Monday, February 24, 2014

Our Tour At Monsanto On Maui

A group of 30 farm couples led by John and Jan Roach of Roach Ag Marketing, toured the Monsato seed facility on Maui, Hawaii.  We were met at the gate by the site manager, David Stolfuz.  He was raised on a farm in southeast Iowa and has worked his way up in the company.

We had a 3 part rotation of viewing slides inside their training room facility to going outside to talk to their operations manager and back inside for a talk by a female scientist with a summary and question answer time.

They emphasized the fact that GMO is in high demand.  John had shared with us the fact that we added a billion people to our population in the last 13 years and we expect that happen again in 12 more years.  That is a big thing to comprehend.  It had shared that data with us in a 2 hour session a few days before our trip to Monsanto.  It makes sense to me.

David had a good slide on the change on the islands since I graduated High School.  There was 195,000 acres of sugar cane then and only 20,000 or so acres left today.  Sugar production has went elsewhere.  There were 65,000 acres of pineapple thanks to Thomas Dole but only 7500 acres today.  Seed corn has increased from zero to 7,100 acres my notes say but there seemed to be more than that.  That doesn't sound like much corn but those acres reproduce seed stocks as quick as 20,000 or more acres in Iowa.  The difference is the climate.

Since seed production is so labor intensive, the trait companies are important employers on the islands for the regular people.  Still the streets are full of homeless at night and we heard about the gift of one way flight's for such people from Chicago to Honolulu.  We also heard that Hawaii did the same favor back, all on the tax payer's dollar.

The high tech trait insertion and bar coding never got explained much but the one breeder did say they were using the same technique as they did early on with bacteria like you find in the soil for gene insertion.  That is where some think the flaw is in GMO, the interference of the gene by contamination.

It was a good tour and I learned a lot just watching the group interact and ask questions.  It's clear that anti GMO people are the trait companies main problem.  The fences and security helped point that out.

If you farm and visit the islands, I would recommend you try to visit one or more of the trait companies.  The Monsanto and Pioneer tour was in detail but much different.

Ed Winkle


  1. It seems strange that they grow so much corn in Hawaii on 3 crops a year. Does it mean that corn planted, say in Ohio, comes from Hawaii or has its parents or grand-parents from Hawaii? That means it's not really adapted to the local soil and weather. Does it also mean they stress and fragilize the corn genome by reducing the time between planting and harvest so much? What happens when you plant in a location with a different climate?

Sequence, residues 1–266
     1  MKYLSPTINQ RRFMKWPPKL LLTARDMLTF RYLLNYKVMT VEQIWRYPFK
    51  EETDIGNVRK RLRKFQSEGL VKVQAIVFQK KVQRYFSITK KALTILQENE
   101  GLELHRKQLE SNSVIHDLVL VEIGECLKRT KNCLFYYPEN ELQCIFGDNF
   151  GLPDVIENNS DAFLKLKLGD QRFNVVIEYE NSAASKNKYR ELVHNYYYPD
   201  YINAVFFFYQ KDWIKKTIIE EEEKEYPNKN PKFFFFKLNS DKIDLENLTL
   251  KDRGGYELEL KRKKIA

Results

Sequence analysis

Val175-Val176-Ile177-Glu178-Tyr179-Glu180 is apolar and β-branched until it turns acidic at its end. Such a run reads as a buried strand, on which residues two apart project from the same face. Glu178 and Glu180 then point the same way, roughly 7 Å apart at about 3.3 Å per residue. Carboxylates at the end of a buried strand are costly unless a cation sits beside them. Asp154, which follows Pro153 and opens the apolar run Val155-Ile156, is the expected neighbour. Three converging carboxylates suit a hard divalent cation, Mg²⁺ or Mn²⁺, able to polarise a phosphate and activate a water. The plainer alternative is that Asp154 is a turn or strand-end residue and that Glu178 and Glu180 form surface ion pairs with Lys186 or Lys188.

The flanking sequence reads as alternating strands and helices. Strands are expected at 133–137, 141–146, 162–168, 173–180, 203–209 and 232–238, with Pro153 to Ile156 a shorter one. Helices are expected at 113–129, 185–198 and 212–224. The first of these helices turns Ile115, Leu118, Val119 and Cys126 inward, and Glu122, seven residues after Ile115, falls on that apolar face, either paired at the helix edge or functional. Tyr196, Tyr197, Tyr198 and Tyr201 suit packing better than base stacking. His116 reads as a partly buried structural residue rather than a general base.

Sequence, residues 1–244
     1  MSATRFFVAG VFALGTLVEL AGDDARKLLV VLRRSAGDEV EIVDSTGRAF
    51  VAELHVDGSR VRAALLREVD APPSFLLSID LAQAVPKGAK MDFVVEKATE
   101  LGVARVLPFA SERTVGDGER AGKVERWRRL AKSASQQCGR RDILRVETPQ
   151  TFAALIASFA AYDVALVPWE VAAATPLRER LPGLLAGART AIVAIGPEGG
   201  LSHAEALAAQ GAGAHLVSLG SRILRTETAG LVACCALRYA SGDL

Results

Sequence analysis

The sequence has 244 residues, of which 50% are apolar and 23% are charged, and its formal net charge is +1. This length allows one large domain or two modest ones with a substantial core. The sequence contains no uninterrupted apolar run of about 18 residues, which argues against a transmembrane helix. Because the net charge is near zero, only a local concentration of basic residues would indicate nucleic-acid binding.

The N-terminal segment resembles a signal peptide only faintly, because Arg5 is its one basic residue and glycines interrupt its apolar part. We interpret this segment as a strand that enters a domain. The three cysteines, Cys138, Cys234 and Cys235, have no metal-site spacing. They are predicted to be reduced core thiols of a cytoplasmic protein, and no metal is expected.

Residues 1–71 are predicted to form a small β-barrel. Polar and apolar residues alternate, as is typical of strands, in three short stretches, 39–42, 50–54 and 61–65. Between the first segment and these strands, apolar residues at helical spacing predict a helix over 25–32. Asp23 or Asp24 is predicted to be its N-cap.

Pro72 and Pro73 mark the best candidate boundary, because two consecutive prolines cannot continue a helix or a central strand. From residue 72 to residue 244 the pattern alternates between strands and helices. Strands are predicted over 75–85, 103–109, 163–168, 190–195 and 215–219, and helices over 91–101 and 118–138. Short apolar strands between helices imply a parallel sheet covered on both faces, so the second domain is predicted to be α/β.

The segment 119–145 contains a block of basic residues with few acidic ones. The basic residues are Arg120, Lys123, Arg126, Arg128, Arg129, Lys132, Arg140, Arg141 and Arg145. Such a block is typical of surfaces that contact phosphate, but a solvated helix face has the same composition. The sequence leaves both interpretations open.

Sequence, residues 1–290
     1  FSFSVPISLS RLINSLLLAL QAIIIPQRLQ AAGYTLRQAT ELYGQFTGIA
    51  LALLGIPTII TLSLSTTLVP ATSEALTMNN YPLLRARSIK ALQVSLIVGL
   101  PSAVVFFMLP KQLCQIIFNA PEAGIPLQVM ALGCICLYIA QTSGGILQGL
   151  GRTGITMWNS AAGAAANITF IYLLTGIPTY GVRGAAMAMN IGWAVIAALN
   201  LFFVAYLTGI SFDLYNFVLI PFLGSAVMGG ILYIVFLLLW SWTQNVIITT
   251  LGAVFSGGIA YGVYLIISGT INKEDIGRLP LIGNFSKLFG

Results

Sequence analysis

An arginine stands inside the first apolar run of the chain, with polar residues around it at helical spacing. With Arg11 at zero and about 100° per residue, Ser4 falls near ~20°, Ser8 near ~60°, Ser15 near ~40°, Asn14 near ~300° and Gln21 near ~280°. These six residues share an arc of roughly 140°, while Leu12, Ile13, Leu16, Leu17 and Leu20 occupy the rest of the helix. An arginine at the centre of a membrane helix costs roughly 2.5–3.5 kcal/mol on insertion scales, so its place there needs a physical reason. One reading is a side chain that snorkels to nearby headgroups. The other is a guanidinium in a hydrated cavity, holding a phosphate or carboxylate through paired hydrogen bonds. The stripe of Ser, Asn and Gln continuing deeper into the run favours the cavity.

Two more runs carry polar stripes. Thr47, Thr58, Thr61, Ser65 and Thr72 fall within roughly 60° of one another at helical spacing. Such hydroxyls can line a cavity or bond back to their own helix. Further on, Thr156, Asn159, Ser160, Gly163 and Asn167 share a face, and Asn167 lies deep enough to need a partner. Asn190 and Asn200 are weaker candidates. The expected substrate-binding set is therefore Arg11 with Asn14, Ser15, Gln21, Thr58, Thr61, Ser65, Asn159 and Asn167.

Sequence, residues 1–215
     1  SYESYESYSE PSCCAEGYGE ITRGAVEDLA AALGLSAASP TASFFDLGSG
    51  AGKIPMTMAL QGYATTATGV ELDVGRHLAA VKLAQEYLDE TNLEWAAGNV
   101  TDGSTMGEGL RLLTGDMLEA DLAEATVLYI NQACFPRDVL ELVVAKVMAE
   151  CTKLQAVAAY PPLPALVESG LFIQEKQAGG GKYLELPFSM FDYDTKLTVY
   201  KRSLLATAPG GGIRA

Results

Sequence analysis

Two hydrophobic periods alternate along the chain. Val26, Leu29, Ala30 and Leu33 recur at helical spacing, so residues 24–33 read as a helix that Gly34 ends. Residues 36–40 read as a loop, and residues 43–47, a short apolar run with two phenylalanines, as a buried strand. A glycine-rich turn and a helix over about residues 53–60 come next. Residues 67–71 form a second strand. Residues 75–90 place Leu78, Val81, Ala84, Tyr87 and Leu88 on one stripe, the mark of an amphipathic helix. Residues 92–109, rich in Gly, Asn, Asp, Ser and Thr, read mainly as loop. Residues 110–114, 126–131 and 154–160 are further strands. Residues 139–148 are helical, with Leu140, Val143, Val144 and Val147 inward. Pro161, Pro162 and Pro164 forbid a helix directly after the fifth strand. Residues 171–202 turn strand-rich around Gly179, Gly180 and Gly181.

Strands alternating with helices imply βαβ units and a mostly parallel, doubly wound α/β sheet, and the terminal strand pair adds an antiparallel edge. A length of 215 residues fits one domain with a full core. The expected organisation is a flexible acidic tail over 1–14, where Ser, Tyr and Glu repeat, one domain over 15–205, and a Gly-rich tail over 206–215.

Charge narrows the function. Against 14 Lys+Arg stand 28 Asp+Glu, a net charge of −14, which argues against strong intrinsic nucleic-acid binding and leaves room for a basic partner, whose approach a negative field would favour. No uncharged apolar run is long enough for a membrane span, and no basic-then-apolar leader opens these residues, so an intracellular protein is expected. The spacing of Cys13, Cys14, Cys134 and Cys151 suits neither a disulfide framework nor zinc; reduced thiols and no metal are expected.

While I know there are no toxicology issues proven so far with corn, the biotech companies still do an awful job at transparency and explaining what they do, this does not lead me to trust their products. If we absolutely must have GMOs, which we might in some dire cases, I'd much rather have "public domain" GMOs from the public-funded ag labs and unis than products from private companies who have shown repeatedly that their agenda is clearly only profit at all cost. Monsanto, please do a better job at explaining what and how you create GMOs. But that's just me.

  2. I would say our visit did not show any distrust from farmers who grow GMO to what they saw in our trip. At best we got to see blocks of breeding material from a distance but they showed enough of that and the science to put two and two together.

    Think of parent seed, foundation seed replicated at a fast pace and grown out in Iowa, Ohio or wherever. Hawaii seemed to be a key piece in the duplication of traits.

    I will show you more with seed chipping in the next day or two.


  3. I'm sure the 7500 figure is low; there must be close to that much on Oahu alone. Seed companies typically only plant about one fourth of their acreage at any one time due to the isolation requirements. Most corn requires 660 feet or thirty days, but some traited varieties require double or more than that, so the open space gets significant.

  4. I think you are correct, I was wondering if that was their operation on Oahu alone. Very good notes you added there, too.